Student loan servicing giant seeks industrial bank charter
Nelnet, the nation's largest servicer of federal student loans, has filed an application to establish a Utah-chartered industrial bank.
Nelnet, of Lincoln, Neb., said Thursday it filed applications with the Utah Department of Financial Services and the Federal Deposit Insurance Corp.
Industrial banks can make loans and take deposits like other banks, but they are exempt from the requirements of the 1956 Bank Holding Company Act, which means they can be owned and operated by nonfinancial companies. The Bank Holding Company Act restricts regulated institutions to activities closely related to banking.
Community bank advocates, including the Independent Community Bankers of America, have grown increasingly leery of industrial loan applications in recent years, expressing concerns that mammoth companies such as Walmart or Amazon could use the charter as a back door into banking.
In October, in response to applications for deposit insurance and an industrial bank charter filed by the payment processing firm Square, the ICBA wrote to the FDIC opposing the application. The trade group urged the agency to impose a two-year moratorium on consideration of deposit insurance for any proposed industrial bank.
According to the Utah Department of Financial Services, 14 institutions currently hold active industrial bank charters, with applications from Square and now Nelnet pending.
Nelnet spokesman Ben Kiser said the company expects the application process to take "an extended period of time."
Nelnet’s planned bank would be an online institution focused on gathering deposits and making private student loans.
"When in-school borrowers exhaust their federal student loan options, they need alternative sources of funding with affordable interest rates,” Tim Tewes, Nelnet's president, said in a press release.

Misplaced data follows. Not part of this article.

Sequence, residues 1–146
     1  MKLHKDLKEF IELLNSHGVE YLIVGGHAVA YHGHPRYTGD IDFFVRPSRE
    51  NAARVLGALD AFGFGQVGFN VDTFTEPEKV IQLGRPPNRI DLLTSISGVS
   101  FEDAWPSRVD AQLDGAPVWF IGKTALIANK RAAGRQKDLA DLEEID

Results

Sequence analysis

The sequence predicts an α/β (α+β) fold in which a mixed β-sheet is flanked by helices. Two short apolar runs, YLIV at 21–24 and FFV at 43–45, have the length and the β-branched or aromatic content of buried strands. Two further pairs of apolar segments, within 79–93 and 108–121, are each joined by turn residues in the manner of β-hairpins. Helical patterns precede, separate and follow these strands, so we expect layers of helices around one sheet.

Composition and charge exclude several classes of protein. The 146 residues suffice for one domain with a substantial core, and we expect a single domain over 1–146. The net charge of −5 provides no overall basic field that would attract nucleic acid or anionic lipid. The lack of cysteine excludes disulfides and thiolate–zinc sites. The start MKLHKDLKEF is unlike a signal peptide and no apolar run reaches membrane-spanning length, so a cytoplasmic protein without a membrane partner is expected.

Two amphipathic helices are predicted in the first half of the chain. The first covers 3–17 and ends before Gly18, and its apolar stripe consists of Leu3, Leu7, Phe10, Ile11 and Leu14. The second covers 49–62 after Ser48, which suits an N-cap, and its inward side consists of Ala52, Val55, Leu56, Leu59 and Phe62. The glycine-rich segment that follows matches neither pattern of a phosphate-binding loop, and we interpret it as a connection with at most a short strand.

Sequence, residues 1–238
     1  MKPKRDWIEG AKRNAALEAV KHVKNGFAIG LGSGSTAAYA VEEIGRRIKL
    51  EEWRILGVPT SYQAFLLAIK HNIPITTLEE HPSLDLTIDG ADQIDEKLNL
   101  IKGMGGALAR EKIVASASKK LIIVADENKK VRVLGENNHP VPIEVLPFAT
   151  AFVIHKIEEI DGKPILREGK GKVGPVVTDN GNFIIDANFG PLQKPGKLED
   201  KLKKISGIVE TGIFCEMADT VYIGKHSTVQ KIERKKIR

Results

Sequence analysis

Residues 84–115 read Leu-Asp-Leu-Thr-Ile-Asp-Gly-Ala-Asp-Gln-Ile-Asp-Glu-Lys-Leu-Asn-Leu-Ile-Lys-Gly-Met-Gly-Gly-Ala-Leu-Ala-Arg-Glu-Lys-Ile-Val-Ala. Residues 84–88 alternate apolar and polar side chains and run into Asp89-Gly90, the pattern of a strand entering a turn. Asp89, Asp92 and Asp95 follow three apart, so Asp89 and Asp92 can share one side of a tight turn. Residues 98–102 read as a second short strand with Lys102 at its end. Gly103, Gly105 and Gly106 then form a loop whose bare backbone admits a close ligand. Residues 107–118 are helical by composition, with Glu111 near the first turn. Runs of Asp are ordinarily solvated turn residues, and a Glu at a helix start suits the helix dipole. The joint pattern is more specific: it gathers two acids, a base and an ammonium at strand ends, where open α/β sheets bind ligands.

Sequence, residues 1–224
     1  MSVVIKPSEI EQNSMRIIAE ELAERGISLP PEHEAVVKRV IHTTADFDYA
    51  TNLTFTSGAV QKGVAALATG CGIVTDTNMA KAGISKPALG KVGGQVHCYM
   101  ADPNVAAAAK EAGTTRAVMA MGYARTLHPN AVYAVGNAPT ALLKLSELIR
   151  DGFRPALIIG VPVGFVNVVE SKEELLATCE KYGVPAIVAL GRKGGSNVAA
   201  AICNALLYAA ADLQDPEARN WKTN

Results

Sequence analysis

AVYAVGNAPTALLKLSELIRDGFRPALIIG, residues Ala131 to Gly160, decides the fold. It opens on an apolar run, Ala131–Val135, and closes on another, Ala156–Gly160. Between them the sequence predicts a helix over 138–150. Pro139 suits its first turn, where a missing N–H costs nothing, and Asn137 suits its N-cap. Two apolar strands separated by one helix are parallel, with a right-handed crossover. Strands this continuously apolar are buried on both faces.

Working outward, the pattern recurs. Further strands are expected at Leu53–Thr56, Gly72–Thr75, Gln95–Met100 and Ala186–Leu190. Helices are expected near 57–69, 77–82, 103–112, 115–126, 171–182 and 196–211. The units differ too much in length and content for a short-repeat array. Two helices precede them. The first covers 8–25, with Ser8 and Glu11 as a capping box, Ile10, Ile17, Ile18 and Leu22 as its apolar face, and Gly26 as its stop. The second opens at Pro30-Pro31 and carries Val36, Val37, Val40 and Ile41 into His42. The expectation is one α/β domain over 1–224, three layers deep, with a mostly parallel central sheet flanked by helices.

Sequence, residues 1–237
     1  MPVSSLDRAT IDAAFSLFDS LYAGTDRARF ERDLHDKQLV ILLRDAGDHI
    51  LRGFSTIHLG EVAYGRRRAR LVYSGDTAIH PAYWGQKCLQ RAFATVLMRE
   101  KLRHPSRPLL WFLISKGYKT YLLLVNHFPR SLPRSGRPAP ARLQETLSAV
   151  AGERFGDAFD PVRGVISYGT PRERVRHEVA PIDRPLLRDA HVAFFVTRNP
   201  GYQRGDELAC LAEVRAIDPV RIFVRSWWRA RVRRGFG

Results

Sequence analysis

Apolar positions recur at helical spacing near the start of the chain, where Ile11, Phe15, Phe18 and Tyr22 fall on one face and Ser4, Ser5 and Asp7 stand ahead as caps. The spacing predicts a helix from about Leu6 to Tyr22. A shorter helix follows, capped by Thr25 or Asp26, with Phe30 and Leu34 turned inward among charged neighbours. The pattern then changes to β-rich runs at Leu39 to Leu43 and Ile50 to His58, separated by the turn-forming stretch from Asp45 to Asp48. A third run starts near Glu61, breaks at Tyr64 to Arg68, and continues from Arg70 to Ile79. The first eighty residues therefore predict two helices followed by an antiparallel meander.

To manage the application process, Nelnet tapped veteran banker Andrea Moss, who recently stepped down as president of the $8.3 billion-asset Comenity Capital Bank in Salt Lake City, which is itself an industrial bank. Moss would also lead Nelnet Bank if its applications are approved.
In addition to the massive, $470 billion portfolio it services, Nelnet was a major originator of student loans prior to 2010, under the Federal Family Education Loan Program, or FFELP. In 2010, the government began making student loans directly through the Department of Education, limiting Nelnet’s asset-generation operations.
While Nelnet still holds loans it made before 2010 and has purchased a number of portfolios originated by other lenders, its student loan assets have been steadily rolling off. The company's average balance of loans fell by 12% in the first quarter from a year earlier, to $21.9 billion.
In its 2017 annual report, Nelnet identified repositioning the company "for the post-FFELP environment” as a key corporate goal.
Nelnet has historical ties to the banking industry. It was founded in Lincoln in 1978 to service student loans for two local community banks.